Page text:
The U. S. Soccer Federation’s long-standing commitment to improving playing and coaching standards pays dividends with impressive showings against top teams. Americans become more than just average defensive-minded players; many become celebrities abroad and become familiar to the average American sports fan. Still heading into the 2014 World Cup, few experts predict the U. S. will make it past the quarterfinals.

The U. S. wins its group competition, defeating Poland, Japan and Colombia in impressive fashion. In the round of 16, the U. S. shows the world it has the skill and coaching to be a world power with a 3-1 thrashing of Holland. The humiliation of a proud Argentina side 2-0 in the quarterfinals makes the world sit up and take notice. The impact of the victory back home in the USA is amazing. For the first time, soccer is on the lips of all Americans, not just its long-suffering soccer fans. The knowledgeable soccer fan suddenly goes from being an oddity at the company water cooler to a source of wisdom for those suddenly swept up in Cup fever.

Earlier during the Cup, the few soccer bashers who remained reared their ugly heads, spewing their usual skepticism and cynical prose about how soccer would never make it in America. The victory over Argentina silenced those voices under the fanfare and patriotic fervor inspired by an American team that became instant heroes.

One by one, the talking heads of the sports world feverishly study their notes and climb aboard the bandwagon. Magically soccer is everywhere; you can’t turn on the television without seeing expansive soccer highlights, soccer commercials, profiles of players and former players and coaches analyzing players and strategies on primetime TV.

When the U. S. wins its semifinal match against France, interest explodes as ordinary Americans watch in record numbers and spontaneous parties break out in the streets and town squares of cities across the country. People start planning vacation days to watch the games and some simply call in sick or quit their jobs. The hometowns of the players declare holidays and set up huge public viewing parties. America finally joins the rest of the world in the holiday that is the World Cup.

After weathering the initial Brazilian onslaught, the U. S. starts to dominate play. The Americans match the skill of the Brazilians and steal the advantage, using their superior size and speed. The pro-Brazilian crowd grows increasingly restless with each passing moment. The crowd’s singing grows ragged and inconsistent and most Brazilian fans stop dancing and watch nervously. In the thirty-fourth minute a brilliant one-two combination down the left sideline springs an American attacker down the wing. His cross from the sideline seems destined to sail harmlessly across the goal. Instead, a 6’5” forward skies over a pair of Brazilian defenders powering home a thunderous header past the goalkeeper.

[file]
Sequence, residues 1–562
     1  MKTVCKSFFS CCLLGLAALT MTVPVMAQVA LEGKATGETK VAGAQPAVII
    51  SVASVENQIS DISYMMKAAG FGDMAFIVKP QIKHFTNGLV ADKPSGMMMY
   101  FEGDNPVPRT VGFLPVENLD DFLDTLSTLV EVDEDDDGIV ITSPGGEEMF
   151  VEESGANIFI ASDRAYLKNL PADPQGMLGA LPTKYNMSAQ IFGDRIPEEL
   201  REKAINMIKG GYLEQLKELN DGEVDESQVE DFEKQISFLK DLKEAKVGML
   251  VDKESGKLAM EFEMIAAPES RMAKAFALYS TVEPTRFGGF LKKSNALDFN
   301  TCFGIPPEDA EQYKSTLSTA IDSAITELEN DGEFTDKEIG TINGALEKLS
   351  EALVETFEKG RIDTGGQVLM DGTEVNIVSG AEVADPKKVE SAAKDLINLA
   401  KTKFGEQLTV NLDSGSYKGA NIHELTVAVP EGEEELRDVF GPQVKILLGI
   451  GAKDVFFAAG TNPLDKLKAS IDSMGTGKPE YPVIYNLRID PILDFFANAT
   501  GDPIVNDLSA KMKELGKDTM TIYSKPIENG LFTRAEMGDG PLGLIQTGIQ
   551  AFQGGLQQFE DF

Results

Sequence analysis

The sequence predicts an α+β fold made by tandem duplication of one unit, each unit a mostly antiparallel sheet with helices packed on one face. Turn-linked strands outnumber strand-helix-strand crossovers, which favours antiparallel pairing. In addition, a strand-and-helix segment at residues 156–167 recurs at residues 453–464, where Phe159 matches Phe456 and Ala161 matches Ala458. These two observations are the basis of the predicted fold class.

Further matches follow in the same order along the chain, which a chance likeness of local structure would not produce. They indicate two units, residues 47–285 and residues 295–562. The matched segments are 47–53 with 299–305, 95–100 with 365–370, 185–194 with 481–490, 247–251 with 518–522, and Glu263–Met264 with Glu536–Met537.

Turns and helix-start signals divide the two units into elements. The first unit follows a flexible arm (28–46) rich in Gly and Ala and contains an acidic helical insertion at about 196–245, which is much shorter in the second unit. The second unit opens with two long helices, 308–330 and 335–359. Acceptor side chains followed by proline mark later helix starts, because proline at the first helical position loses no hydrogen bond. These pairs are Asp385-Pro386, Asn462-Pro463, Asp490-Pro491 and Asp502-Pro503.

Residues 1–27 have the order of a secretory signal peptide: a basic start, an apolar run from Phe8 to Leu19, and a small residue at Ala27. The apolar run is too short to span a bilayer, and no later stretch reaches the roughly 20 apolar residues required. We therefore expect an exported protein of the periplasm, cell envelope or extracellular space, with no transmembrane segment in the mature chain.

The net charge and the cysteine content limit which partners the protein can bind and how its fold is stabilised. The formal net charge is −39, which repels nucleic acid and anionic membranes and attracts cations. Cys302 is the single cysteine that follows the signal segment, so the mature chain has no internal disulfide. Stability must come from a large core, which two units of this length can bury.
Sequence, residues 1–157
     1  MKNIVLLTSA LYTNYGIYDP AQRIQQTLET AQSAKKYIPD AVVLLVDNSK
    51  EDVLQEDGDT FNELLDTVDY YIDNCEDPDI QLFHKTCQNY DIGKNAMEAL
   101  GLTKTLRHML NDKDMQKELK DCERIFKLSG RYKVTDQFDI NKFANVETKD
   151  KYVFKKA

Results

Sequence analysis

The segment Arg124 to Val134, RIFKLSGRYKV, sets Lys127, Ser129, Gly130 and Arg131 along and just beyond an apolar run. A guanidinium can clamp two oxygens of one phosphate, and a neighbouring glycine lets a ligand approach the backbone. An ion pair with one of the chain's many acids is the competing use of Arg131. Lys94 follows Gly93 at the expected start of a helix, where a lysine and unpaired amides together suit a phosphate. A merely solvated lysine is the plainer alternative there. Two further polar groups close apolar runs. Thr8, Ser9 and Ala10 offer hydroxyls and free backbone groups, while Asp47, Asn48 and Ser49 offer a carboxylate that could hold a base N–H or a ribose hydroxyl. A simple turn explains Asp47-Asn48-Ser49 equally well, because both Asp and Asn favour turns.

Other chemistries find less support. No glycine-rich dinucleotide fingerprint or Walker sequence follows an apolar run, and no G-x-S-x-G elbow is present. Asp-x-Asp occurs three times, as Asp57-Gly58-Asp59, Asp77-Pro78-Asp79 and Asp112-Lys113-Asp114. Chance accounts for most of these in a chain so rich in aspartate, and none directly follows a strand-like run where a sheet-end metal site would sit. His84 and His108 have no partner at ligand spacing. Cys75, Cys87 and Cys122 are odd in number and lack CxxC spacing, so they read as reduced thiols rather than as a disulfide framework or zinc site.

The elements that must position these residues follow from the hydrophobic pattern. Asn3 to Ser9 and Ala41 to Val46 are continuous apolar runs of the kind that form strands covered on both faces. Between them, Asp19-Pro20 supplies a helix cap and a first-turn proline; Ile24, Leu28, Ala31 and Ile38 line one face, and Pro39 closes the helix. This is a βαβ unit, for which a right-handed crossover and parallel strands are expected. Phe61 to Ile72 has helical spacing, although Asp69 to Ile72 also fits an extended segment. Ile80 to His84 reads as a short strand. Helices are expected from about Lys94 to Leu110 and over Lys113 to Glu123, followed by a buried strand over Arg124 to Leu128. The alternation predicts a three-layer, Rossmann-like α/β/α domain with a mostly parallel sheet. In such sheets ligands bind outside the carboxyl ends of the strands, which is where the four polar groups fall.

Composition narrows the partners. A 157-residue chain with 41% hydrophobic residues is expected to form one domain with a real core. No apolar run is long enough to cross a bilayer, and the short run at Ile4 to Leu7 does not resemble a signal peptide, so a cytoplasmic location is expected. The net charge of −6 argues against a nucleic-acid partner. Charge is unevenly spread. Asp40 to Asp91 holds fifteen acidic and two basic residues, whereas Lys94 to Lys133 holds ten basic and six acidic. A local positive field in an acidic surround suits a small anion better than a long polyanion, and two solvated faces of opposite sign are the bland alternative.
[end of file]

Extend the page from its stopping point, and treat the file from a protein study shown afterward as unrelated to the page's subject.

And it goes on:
Back home, the housing project where the unlikely hero learned to play in an inner city program erupts in celebration, as do the ten thousand Americans who managed to get nto the stadium. America, the nation that couldn’t care less about soccer, is caught in the grip of the impossible dream. For the first time, Americans feel what everyone else in the world already knows. Soccer is as compelling as any other sport when you have an emotional stake in its outcome. Millions watch breathlessly transfixed in a way they never before imagined. The Brazilians become increasingly frustrated at the stifling U. S. defense and resort to diving at every possible opportunity. Tim Howard, the elder statesman of U. S. soccer, is a rock in goal turning away everything sent his way.

The result becomes a formality five minutes from the end with a U. S. goal that ranks among the ages. The scorer is another player who learned his craft playing on asphalt courts and in the streets and snakes his way through the Brazilian defense. Receiving a ball forty yards from goal, he twists, turns and cuts through a gap in the defense. He dribbles through Brazil’s midfield, then, with a devastating crossover, dribble, splits the final pair of defenders and gleefully rolls the ball through the keeper’s legs and into the goal. Pointing up into the sky, he races to the corner to dance in celebration in front of the delirious U. S. fans.

It was 2-0 U. S. over Brazil and the party starts in earnest. As the clock winds down the final minutes, the Americans stroke the ball around the field playing keep away from the Brazilians. The Brazilian players start arguing with each other and begin to lose their cool. The neutral spectators and American fans chant “Ole, Ole, Ole, Ole,” while Brazilian fans in the stadium and across the entire nation sit in stunned silence. Tears of joy stream down my face as the referee blows the final whistle. The U. S. fans, players and coaches watch in awe as the United States raises the World Cup trophy and become World Champions of the world’s most popular game.

It never hurts to dream. What makes my dream unique is only because I am a middle-aged African-American who played soccer in the Seventies. That statistical anomaly has been a source of puzzlement for friends, family and acquaintances throughout the years. Soccer became the game of choice for me as a participant as well as a spectator through a series of coincidences and good fortune.

For all the game has given me, it is a labor of love to become part of the solution to help soccer “make it.” Long the “other” sport, the foreign sport, misunderstood and misrepresented, soccer has enormous untapped potential. The rich if undiscovered history of soccer and the men of color is full of stories about individuals who excelled on and off the field. Black America has all but ignored the game in its museums and history books.

Consequently, African-Americans never embraced soccer, as do their brothers around the world. The topic of African-American athletes and sports fans not being involved in soccer pops up from time to time but never has there been a detailed study or analysis. Far from being a complete answer to a complicated issue, my hope is that this book will stimulate people into thought and action that will lead to benefiting soccer and the black athlete.